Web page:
Social media PR is a great way to drive traffic to a website and gain exposure for your brand. However, it’s not as easy as it sounds; the whole process takes time and the response may, in some cases, be unpredictable.
Having worked in the digital marketing services space for the past 5 years, I have picked up some very valuable experiences and insights, a few of which I will now reveal to you.
Have Great Content Or Get Out!
The first, and the most important, lesson I had to learn was that without great content you’re not going to get anywhere – you might as well not even try. Many businesses tend to think their website is the most interesting thing on the Internet since Facebook, which of course is often far from the truth.
Many clients already know that they need an incentive in order to gain people’s interest, and most of them have already organised competitions on their website. For those who haven’t, it is definitely recommended to have one, as people love them.
Of course it is also important to ensure that the rest of your site is interesting and engaging. Do you own an online knitting yarn shop that has an informative knitting tip section for your visitors? – good. Do you have a financial services website with a great tool for your visitors to determine their money savviness, with the appropriate social media share buttons accompanying the tool? – even better.
The Shotgun Approach Doesn’t Work
The most time-consuming phase of the whole process is searching for the appropriate social media channels. These have to be highly relevant to the client’s business, otherwise you won’t get any interest. If you plan to email every blog, Facebook page and forum under the sun about your extraordinary pet tortoise beauty contest, it won’t work; a good portion of the recipients will feel that you do not understand and/or care what they’re about and will tag your email as spam.
Explain What’s In It for Them
When contacting the different channels via email, you have to be very mindful about the wording of your emails. It’s important to explain the benefits of sharing the client’s website to the recipient. For example, it’s likely that readers of an adventure travel blog would be very interested in a holiday competition and feel that it enhanced their experience of the blog. This is also a nice test for yourself; if you cannot justify to the recipient why they should share your message, then your message is probably not worth sharing.
Remember Your Manners!
It’s important to inform the recipients about your employer, what they are all about and give people the option to opt-out from any future correspondence. As with anything related to the Internet, the response from the recipients can sometimes be unpredictable.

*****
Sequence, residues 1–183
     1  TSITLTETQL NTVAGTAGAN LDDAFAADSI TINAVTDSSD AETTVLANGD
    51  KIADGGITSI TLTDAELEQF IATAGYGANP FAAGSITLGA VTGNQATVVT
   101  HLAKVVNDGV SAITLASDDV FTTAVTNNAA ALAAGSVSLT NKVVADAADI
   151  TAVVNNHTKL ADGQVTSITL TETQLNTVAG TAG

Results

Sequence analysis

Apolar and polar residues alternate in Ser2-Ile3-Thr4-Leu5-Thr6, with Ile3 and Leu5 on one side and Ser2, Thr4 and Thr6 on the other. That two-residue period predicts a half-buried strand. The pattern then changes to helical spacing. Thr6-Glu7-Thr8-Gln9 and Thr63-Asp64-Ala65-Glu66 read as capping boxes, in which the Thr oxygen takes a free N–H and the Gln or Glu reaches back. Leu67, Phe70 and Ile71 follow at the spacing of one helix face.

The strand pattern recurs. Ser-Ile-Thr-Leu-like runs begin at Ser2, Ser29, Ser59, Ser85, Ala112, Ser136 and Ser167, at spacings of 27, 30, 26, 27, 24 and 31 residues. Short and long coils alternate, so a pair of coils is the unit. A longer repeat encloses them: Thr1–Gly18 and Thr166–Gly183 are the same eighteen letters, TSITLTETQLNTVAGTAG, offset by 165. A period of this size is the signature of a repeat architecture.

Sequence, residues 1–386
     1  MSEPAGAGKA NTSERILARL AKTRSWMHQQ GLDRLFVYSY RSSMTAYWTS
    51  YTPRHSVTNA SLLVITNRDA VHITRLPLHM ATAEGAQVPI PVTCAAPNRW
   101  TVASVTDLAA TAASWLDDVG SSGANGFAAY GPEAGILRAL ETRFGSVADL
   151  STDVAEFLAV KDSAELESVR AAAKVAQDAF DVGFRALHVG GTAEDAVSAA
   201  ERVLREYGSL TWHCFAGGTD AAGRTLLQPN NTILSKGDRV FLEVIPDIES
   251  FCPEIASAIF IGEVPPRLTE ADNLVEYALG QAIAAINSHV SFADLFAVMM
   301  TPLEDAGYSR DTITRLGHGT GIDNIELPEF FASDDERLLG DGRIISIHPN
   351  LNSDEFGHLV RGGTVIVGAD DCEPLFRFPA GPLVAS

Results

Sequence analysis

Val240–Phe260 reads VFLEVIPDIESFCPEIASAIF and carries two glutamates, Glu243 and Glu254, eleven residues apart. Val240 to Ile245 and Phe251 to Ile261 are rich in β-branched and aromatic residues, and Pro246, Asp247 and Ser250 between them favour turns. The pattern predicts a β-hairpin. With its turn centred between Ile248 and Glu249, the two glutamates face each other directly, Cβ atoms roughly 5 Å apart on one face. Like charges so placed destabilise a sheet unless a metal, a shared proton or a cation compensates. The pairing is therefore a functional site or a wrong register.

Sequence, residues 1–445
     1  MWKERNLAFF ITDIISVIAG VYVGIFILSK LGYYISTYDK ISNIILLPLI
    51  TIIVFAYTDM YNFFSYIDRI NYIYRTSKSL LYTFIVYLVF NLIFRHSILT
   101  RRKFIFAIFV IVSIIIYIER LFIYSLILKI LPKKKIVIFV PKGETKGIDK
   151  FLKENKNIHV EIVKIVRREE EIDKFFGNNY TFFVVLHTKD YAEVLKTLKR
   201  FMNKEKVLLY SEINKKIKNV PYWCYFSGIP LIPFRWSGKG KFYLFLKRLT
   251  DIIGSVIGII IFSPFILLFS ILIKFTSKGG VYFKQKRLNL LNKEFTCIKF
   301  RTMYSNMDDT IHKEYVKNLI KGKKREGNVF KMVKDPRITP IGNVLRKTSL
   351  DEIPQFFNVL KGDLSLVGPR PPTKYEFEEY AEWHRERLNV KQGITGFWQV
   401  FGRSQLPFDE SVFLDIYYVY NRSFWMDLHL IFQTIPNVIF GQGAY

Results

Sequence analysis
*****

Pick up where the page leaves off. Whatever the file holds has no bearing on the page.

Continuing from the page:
This is partly because quite often PR people are not interested in paying for sponsored blog posts or banner ads, but are first and foremost aiming to offer interesting and relevant content that would benefit the channel, their readers, as well as the client. Some people misunderstand this point and advertise their media rates, and some people take offence and reply accordingly.
It is of course natural for blog writers to feel protective about their blogs because they seek to preserve their integrity and may find PR suggestions as something that invades their territory. Despite the odd negative reply, responses from people are mostly either positive or simply non-existent.
Regardless of the nature of the reply, it’s always important to reply politely to any emails. You are representing a company and have to be professional about it. Besides, this is the perfect opportunity to establish some relationships. Be it a reply from a Facebook administrator telling you that they would like to write about your client’s website or an email declining your idea, you should always send a reply either thanking them or asking whether it’s ok to contact them in the future. People appreciate this and are often happy to receive more ideas down the line.
All your actions and responses from people should go into an Excel sheet dedicated for each campaign, as it’s good to keep tabs on all the details for future reference. These lists are especially helpful when identifying ‘non-PR friendly channels’ and most influential channels.
The effects of the social media PR efforts are clearly visible in visitor statistics. Campaigns tend to cause a peak in the number of site visitors, with a sharp decline after a few days the message has been sent to the recipients. This phenomenon can be combated by contacting new channels every week and evening out the exposure a bit more.
All in all, despite the time and effort that go into each campaign, social media PR is well worth it. The work has truly opened my eyes to how different the online world actually is to the ‘meat world’ (=real world).